Chuck Hagel fielded heated questioning Thursday from Republicans regarding his record on Iran sanctions, Israel and nuclear weapons, but President Barack Obama’s pick to be the next Pentagon chief did not appear to suffer any fatal blows.
During his confirmation hearing before the Senate Armed Services Committee, Hagel was, as expected, forced to defend, amend, explain or retract statements he had previously made on a wide range of issues.
Hagel stumbled a few times, including accidentally saying he supported the president’s policy on containing Iran, an error he quickly corrected. But Democrats largely worked to help him hew closely to the Obama administration’s policy lines.
Addressing concerns that his positions have been too soft on Iran, Hagel acknowledged that he was “part of an effort” in 2008 to block Iran sanctions legislation from being debated on the Senate floor. But he also provided assurances that many lawmakers have been waiting to hear, including his support for a policy of prevention, rather than containment, on Iran and, if necessary, unilateral sanctions on Tehran.
“Unilateral sanctions, because we’ve already got strong international sanctions, should be considered,” Hagel said. “I think the president is right to consider those. I would support those.”
The nominee also sought to correct his remarks to an author who quoted him as saying, “the Jewish lobby intimidates” many lawmakers into making “dumb” decisions regarding Middle East policy. Hagel’s most outspoken opponents have branded him an anti-Semite for his reference to the “Jewish lobby.”
Hagel apologized, saying he should have referred to “the pro-Israel lobby.” He also said he regretted the use of the term “intimidate,” saying he should have used the word “influence.” And he pulled back on his “dumb” characterization, acknowledging that “there are different views on these things.”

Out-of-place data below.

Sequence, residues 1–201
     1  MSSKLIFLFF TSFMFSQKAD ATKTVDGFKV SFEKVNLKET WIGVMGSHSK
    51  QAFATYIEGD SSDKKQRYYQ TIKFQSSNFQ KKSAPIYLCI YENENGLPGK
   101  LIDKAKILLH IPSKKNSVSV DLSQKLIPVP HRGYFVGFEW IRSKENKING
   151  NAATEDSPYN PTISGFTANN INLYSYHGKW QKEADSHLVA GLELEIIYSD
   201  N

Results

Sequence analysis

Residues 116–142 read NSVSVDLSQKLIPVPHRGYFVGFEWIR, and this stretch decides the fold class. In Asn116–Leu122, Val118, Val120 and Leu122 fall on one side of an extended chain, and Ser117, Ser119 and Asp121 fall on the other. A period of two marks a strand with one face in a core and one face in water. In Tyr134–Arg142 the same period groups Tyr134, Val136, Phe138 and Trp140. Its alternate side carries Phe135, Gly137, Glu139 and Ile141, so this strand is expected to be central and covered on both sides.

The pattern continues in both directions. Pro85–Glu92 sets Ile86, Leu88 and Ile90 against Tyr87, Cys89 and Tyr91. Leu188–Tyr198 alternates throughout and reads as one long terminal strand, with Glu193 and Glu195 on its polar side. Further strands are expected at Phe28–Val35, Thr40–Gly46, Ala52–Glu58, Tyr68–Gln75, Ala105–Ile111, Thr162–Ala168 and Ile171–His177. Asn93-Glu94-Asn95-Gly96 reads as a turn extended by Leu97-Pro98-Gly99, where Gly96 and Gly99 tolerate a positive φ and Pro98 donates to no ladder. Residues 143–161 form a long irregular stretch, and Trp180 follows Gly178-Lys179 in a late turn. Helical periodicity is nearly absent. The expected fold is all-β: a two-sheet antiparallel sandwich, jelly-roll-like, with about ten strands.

The former Republican senator from Nebraska also stressed that a much-publicized nuclear disarmament report he co-wrote last year merely set an “illustrative” example of a reduction in the nuclear arsenal rather than a hard and fast set of recommendations — an argument that many Republicans did not buy.
Sen. Kelly Ayotte of New Hampshire called Hagel’s comments “troubling and inconsistent.” But his stated commitment Thursday to maintaining and modernizing the nuclear arsenal, and his opposition to unilateral reductions to the U.S. nuclear inventory, may be enough to sway some lawmakers who remain on the fence over his nomination.
Hagel, who joked that more attention has been paid to his words in the past eight weeks than he ever thought possible, made clear that no single vote, quote or statement defines him, his beliefs or his record.
“My overall worldview has never changed: that America has and must maintain the strongest military in the world; that we must lead the international community to confront threats and challenges together, and take advantage of opportunities together; and that we must use all our tools of American power to protect our citizens and our interests,” said Hagel, a Vietnam veteran. “I believe, and I always have believed, that America must engage in the world, not retreat from the world.”
Sen. Kirsten Gillibrand, D-N.Y., speaks with reporters following a vote in the Senate. Gillibrand’s proposal to remove military commanders from the process of reviewing sexual-assault cases was left out of the bicameral deal on the defense authorization bill, but the senator is pushing for a vote on her plan soon.
Each year since 1990, CQ Roll Call has reviewed the financial disclosures of all 541 senators, representatives and delegates to determine the 50 richest members of Congress. This year's report, derived from forms covering the calendar year 2012, shows it took a net worth of $6.67 million to crack the exclusive club.